In regards to battery life, the FX505D has a surprising set of legs. On a single charge, it can achieve close to six hours of continuous use, including writing out documents, browsing websites, and watching the occasional YouTube or Netflix video when I decide to take a break.
Moving on, gaming on the FX505D and the hardware fitted in this unit is not groundbreaking. The GeForce GTX 1660 Ti performs as one would expect; in titles such as DOOM, I get average framerates of 96 fps, but only with its settings cranked up to the second-highest graphics preset.
At a starting retail price of RM2899, finding a competitor to the FX505D is a little more tricky than you would expect, but not impossible. After a little bit of scouring, here’s what I managed to find.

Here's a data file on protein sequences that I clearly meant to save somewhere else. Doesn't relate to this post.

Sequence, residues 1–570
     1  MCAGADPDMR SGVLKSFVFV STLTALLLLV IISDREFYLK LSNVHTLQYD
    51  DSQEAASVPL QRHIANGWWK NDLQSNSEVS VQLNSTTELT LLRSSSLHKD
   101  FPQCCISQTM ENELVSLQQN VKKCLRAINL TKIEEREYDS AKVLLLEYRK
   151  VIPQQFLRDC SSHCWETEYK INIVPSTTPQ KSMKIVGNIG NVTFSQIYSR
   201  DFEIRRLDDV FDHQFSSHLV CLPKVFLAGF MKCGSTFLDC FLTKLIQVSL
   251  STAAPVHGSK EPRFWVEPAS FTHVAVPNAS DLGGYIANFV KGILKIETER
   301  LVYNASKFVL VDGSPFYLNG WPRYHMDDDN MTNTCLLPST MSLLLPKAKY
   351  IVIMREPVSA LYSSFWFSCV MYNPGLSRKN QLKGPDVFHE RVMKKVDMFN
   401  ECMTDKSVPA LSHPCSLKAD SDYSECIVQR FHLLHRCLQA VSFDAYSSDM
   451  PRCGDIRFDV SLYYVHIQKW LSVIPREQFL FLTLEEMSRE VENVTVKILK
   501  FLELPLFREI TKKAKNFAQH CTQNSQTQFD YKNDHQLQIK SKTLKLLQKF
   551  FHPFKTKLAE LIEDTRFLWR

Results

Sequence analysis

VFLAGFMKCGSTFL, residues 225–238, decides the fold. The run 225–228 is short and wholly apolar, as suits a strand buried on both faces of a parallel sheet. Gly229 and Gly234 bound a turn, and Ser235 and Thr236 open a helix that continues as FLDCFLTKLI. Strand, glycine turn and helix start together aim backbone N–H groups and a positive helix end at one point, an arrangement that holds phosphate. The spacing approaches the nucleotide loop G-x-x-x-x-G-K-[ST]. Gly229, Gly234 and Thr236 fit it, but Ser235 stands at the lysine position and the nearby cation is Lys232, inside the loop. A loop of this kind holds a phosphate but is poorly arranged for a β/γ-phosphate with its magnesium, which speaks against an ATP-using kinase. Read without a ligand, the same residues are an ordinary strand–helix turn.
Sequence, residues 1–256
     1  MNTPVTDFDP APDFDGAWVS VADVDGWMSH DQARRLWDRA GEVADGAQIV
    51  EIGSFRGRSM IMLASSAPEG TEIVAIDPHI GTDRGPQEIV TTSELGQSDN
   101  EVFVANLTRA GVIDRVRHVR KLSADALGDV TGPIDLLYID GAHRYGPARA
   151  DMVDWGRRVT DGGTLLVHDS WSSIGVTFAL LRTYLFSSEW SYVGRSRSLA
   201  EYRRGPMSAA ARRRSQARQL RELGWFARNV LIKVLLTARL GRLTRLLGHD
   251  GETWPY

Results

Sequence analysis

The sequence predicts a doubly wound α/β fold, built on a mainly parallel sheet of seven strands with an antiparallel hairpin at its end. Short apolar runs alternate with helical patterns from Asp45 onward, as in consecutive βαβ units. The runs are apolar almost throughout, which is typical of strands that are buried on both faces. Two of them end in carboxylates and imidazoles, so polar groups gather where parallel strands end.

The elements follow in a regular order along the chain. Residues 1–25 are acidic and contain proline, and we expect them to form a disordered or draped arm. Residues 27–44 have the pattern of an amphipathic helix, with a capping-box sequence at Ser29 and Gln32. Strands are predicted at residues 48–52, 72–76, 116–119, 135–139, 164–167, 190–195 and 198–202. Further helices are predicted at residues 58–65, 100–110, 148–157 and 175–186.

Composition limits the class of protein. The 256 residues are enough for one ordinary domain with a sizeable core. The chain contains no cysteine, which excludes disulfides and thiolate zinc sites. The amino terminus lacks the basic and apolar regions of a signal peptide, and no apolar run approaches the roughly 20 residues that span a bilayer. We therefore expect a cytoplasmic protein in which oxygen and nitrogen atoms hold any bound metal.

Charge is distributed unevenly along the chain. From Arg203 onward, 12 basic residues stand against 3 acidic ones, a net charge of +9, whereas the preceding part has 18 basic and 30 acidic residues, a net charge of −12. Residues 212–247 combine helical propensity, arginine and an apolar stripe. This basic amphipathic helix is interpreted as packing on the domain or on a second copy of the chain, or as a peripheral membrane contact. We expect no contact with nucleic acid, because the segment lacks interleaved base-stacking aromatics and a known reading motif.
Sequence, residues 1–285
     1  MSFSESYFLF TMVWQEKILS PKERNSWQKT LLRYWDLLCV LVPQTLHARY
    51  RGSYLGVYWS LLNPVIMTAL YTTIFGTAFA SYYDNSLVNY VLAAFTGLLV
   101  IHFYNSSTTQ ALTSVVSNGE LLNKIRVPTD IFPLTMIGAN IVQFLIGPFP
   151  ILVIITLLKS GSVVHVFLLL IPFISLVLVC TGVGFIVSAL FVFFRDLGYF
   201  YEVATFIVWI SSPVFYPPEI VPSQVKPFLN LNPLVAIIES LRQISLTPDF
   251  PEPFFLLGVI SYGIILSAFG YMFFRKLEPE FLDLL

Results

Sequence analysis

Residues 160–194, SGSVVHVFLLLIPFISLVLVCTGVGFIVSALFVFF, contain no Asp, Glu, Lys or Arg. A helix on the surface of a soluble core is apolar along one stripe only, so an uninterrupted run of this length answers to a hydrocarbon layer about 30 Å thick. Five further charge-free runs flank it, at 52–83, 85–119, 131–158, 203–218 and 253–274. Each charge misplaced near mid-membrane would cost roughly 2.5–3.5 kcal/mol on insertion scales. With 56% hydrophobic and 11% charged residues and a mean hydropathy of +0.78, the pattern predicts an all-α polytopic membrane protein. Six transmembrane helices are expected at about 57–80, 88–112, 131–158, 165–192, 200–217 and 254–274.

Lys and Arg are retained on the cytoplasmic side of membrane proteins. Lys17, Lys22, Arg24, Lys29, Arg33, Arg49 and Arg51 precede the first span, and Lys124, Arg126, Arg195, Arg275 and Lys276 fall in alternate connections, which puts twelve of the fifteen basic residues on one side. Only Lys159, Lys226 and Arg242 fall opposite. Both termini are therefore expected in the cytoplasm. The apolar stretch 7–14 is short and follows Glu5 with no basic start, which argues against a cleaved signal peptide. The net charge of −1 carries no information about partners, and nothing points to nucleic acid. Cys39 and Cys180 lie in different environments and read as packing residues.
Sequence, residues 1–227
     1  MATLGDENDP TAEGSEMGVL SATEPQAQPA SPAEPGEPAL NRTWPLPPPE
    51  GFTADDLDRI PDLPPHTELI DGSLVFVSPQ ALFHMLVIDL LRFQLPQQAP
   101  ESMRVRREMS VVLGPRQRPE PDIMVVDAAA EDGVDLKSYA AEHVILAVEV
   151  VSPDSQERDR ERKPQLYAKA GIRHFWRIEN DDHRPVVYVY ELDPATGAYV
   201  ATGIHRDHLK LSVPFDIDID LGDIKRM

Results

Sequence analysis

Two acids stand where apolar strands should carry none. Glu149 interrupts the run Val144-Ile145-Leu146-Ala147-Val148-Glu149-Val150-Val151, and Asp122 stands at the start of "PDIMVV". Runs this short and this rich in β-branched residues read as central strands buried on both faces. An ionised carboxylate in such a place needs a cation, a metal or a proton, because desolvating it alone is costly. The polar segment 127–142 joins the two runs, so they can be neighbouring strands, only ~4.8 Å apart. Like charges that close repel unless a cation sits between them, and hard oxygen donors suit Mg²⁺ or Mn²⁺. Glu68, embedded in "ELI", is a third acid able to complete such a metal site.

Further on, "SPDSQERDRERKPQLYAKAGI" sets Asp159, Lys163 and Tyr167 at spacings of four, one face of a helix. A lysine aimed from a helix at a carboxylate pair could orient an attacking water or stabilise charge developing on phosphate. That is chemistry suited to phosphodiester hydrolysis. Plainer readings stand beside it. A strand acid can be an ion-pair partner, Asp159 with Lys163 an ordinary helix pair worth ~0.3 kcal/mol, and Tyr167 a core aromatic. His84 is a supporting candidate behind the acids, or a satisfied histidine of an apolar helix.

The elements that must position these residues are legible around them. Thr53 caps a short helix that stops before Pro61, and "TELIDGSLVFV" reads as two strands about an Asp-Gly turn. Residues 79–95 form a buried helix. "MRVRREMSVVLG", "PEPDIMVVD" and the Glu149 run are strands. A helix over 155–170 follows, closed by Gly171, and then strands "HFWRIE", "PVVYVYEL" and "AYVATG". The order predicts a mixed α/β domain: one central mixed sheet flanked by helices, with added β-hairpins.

ASUS ROG Strix G
As always, it’s not surprising that one of the FX505D’s rival would come from within its own family. A member of the ROG Strix lineup that made its debut at Computex 2019, the Strix G is a more affordable alternative to the more powerful HERO III and SCAR III variants.
At a starting SRP of RM3499, it’s slightly pricier than the FX505D, and the CPU option is limited to either an Intel Core i5-9300H or Core i7-9750H. It also comes with up to 8GB DDR4-2666MHz out of the box, but unlike the FX505D, the first RAM slot isn’t soldered and can be maxed out to 32GB.
GPU options for the Strix G are limited to either an NVIDIA GeForce GTX 1050, GTX 1650, or GTX 1660 Ti, but consumers do have a choice between two Full HD display sizes: 15.6-inch or 17.3-inch. As an extra added bonus, they also come with the option of high refresh rates; the 15.6-inch variant’s display can have a maximum refresh rate of 120Hz, while the 17.3-inch version is rated at 144Hz.